Coincidence or not, Greg Koch and Steve Wagner founded Stone Brewing Co. in 1996. That happened to be the same year that Jack White and Yuseff Cherney started Ballast Point Brewing Co. (though White did start the Ballast Point Home Brewers Mart in 1992). White continues presently as the brewery’s CEO. Cherney serves as one of the brewmasters today, joined by Colby Chandler who runs the specialty beer division and will operate the soon to open Ballast Point brewery in San Diego’s Little Italy. Presently, the main brewery in what is known as Linda Vista can brew up to 120,000 gallons. Yep, it’s no home brewing experiment anymore.
That being said, for what a large total of beer that sounds like and for how well known Ballast Point is coast to coast, it is only the 46th largest U.S. craft brewery by volume. Saint Arnold Brewing Co. in Houston is 45th. Green Flash isn’t even in the top 50. Where is Stone you ask? In 10th place. Remember, you can find them all over Europe these days.
So, with Ballast Point’s continued growth, let’s hope for more of their experimental beer to grow as well. The Indra Kunindra Imperial Stout’s enthralling symphony of madras curry, cumin, kaffir lime, toasted coconut, and cayenne pepper was as mind-bending and impeccably executed amidst a dozen Ballast Point beers at its tap room, as the various times I’ve found it in San Francisco. It continued to deserve my label for it as the Trev’s Bistro 2012 Beer of the Year.
The tasting’s other stand out was the Dorado Double IPA, every bit as bright and slightly less lethal than its Portland and Seattle colleagues. This is the real hoppy, malty deal, with an exceptional limoncello- cornbread backbone. Lighter beers were not light on flavor here, especially the lovely, delicate Even Keel Session Ale with hints of oolong tea, and the Fathom Imperial Pale Lager. Ballast Point’s Kölsch is tied in my book for best California Kölsch to have at your BBQ this summer with Golden Road’s from Los Angeles.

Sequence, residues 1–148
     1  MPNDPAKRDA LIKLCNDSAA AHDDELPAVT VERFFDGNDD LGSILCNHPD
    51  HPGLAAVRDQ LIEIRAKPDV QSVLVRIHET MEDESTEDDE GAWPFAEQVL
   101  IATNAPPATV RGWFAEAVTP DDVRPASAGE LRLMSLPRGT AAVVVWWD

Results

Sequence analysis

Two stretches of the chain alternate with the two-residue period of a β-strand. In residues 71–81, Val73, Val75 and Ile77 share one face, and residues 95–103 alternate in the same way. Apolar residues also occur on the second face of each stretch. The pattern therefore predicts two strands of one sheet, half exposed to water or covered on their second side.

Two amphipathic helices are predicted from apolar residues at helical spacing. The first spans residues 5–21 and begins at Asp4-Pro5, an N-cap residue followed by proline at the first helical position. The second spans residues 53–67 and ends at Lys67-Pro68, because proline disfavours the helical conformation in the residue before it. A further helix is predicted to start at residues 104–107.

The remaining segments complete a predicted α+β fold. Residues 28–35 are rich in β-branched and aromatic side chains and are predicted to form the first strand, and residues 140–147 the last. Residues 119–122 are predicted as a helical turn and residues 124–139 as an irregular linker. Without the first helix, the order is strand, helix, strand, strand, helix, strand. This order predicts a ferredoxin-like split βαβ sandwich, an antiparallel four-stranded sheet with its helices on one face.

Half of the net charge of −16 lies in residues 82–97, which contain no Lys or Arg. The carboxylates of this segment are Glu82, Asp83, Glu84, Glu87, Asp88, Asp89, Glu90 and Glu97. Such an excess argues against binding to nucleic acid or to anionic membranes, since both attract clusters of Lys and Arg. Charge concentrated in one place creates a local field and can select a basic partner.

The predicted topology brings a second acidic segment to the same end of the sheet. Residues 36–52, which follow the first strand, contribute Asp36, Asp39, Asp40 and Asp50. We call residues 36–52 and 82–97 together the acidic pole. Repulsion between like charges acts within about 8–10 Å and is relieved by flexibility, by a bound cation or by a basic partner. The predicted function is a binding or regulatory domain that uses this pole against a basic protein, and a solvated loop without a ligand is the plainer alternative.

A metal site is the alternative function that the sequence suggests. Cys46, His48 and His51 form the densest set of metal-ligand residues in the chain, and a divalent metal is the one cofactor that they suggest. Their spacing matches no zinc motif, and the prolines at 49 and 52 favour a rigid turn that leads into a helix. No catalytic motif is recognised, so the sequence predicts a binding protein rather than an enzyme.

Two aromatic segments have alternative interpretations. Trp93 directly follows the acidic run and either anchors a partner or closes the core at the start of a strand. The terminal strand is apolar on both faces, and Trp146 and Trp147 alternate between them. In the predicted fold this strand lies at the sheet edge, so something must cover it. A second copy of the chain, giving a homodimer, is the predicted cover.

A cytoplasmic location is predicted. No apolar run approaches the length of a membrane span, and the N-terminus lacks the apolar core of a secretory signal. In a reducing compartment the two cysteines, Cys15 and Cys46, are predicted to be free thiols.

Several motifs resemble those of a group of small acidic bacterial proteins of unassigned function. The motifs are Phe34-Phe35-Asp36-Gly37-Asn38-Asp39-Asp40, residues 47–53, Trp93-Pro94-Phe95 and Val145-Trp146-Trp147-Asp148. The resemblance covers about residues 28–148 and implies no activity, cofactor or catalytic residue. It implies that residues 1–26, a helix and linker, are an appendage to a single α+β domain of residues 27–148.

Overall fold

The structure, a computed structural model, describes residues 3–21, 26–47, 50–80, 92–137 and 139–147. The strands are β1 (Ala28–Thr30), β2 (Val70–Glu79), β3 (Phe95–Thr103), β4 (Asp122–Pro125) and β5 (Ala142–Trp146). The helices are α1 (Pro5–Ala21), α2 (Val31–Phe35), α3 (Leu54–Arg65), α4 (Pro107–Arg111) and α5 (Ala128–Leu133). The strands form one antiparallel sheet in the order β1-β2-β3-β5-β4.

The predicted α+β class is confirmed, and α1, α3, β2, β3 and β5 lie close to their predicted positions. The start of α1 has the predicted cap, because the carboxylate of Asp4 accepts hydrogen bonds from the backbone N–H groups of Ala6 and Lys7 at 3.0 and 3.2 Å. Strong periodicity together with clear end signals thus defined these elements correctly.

Spice blends continue to be (mostly) forte for Ballast Point, beyond the masterpiece that is Indra Kunindra. I thoroughly enjoyed a jolting Serrano pepper infused Pale Ale, along with the Wahoo Wheat given ten times more excitement from Thai chile and ginger.
Though it wasn’t part of the tasting, the Habanero Sculpin IPA I had a year ago at a Ballast Point in San Francisco sadly remains as my standard for spice experiments gone bad. The entire was about to run out of water to put out the fire from that volcanic eruption. I have quite the spice tolerance. This was just plain too much.
Luckily back at the tasting, there was just the right amount of Bourbon to lift the Sextant Oatmeal Stout further ahead courtesy of Bourbon barrel aging. Another version of the Sextant was just as impressive without the aging, served on nitro draught.
The fickle nature of Black lagers (think porters with a light body) proved to be something that Ballast Point is doing very well, with the Winter San Salvador Black Lager and the Steamboat Black Lager. The Victory at Sea Imperial Porter continues to be one of the country’s heaviest and preeminent renditions, thick and creamy making you think of chocolate milkshakes at the soda fountain. Ballast Point regular version is terrific, as are versions with coffee and vanilla, or the benefit of barrel aging.
Ballast Point’s version of an Imperial Red Ale, the Tongue Buckler, won’t make you lose your tongue like some barleywines, but it has delightful toffee and coriander characteristics to compliment a strong body.
Though it’s brewed for a wonderful cause to fight breast cancer, the bOOb Check specialty fruit ale brewed with Oregon cherries, lime, orange blossom honey and hibiscus gave that same viscous, cough syrup palate feel of a Yellowtail Austrlian Shiraz. Somehow the tart fruits weren’t mellowed out. Instead, it became a disturbing, cloying combination.
That’s a rarity, luckily, at Ballast Point and all of the craft beer capital of California (and the country?). Sculpin and Indra Kunindra are a dynamic duo to rival any other across the craft brews nation. With the arrival of more brewing space, we can only anticipate eagerly more unique brews to come (sours? hefeweizen?). For now, it’s hard to declare a winner amongst San Diego’s many deserving craft breweries. I can say one thing still: Ballast Point makes the best single beer in San Diego.